here's a toast
Today is a day we remember our fallen comrades. My grandparents flew their American flag outside their house. We went to the Texas State Capitol building. At noon today, my grandfather, who sings in a barbershop group, performed with other men. The crowd included young and old, there were Asian faces, black faces, white faces, Hispanic faces. Everyone said the pledge of allegiance, sang America the Beautiful, and God Bless America. At the end, the group sang a prayer. The only thing I thought was missing was the third verse of the Air Force song. I guess singing it for four years at school has made it, in my mind, the epitome of solemn reverence for those who have given their lives in service to their country.
Here's a toast to the host of those whoI come from a military family, as most of you know. I grew up watching my hero give selflessly his time, sweat, blood. I never felt like I was second best, because I just always knew how important serving your country was, that it required sacrifice. Whenever my dad was home, he was at the soccer games, swim meets, music concerts. I have obviously thought a great deal about what being a professional military officer means, and had the best military education your tax dollars can buy to flesh out that knowledge. The Air Force wants us to know what we are getting into, and prevent another My Lai or Abu Grabe by training thinking officers, not "yes" men.
love the vastness of the sky,
To a friend we send this message
of his brother men who fly.
We drink to those who gave their all of old
Then down we roar to score the rainbow's
pot of gold.
A toast to the host of men we boast
The US Air Force!
So when I see editorials like this, it irks me just a bit, because I realize not everyone gets it. I feel bad about complaining, because we have come a long way from the Vietnam era and vets coming home to ridicule rather than welcome. As American servicemen, we have given up our rights of life, liberty, and the pursuit of happiness, in some part, in order to protect those who cannot, or will not, protect those rights for themselves. When I raised my right hand and promised to defend the Constitution against all enemies foreign and domestic, I promised I would do so with my life if need be. I take that literally, not just when I am in uniform, but every moment of every day. I have given up some of my liberty. I can no longer live where I want (sorry, but I can't say that I would live in Mississippi if I had the choice). I could even get in trouble for a sunburn. How many people do you know that would be disciplined at work for that?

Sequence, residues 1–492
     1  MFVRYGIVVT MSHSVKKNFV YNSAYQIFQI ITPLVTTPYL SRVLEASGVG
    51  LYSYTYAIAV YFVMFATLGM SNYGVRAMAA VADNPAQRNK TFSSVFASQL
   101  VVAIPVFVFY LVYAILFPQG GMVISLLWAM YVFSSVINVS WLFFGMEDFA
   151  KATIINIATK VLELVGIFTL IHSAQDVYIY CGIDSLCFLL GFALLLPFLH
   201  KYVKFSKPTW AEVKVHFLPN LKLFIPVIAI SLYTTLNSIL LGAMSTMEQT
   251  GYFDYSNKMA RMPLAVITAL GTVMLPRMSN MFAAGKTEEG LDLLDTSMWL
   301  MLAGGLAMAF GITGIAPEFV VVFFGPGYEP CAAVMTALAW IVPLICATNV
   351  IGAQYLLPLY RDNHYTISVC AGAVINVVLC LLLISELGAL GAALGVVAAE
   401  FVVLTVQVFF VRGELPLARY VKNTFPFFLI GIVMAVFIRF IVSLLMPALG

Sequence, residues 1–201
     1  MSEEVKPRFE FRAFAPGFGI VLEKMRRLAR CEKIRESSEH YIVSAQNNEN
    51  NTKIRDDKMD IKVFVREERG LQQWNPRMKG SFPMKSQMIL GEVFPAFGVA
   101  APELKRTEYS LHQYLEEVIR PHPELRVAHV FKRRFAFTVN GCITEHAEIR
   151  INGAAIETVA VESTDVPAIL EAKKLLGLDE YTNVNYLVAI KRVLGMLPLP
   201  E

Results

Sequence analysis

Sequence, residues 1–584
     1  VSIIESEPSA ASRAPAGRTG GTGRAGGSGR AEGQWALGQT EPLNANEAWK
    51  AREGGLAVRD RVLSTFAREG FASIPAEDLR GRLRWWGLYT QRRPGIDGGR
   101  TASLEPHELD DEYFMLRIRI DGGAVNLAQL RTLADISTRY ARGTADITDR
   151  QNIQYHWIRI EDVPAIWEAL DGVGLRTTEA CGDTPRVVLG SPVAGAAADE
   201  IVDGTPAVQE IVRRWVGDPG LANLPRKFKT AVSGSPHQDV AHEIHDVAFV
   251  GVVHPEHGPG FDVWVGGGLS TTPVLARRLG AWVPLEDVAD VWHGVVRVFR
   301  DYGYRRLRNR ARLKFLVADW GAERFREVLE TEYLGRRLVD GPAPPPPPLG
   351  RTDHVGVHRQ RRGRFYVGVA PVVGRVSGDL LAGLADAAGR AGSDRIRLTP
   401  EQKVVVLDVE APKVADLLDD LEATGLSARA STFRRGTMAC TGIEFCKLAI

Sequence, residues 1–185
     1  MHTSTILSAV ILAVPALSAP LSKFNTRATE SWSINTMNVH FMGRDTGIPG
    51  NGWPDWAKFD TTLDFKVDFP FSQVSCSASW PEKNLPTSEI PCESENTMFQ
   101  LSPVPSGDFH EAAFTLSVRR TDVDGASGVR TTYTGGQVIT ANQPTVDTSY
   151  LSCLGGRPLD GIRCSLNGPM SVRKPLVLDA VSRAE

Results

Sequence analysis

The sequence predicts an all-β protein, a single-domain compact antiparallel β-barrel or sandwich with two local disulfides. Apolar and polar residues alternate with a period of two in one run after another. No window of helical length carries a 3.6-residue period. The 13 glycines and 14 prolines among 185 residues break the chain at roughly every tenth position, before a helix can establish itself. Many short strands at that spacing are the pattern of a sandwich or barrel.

I understand the author of this piece supports individual rights of those serving in the military, but there is so much more to be protected than that. I realize that not everything the US has ever fought for has been the smart thing to do, but I am thankful we fought against communism, fascism, totalitarianism when we have. In this day and age, with the global economy so intertwined, borders no longer mean as much as they used to; our interests, and protecting those interests, more broad.
More Memorial Day tributes:
History of Arlington National Cemetary
Remembering fallen heros from Iraq and Afghanistan
LaShawn Barber has a great piece
Where have all the heros gone?
The Squiggler has many more links
For Love of Country
There are many more, you only have to search for them. These were just my favorites.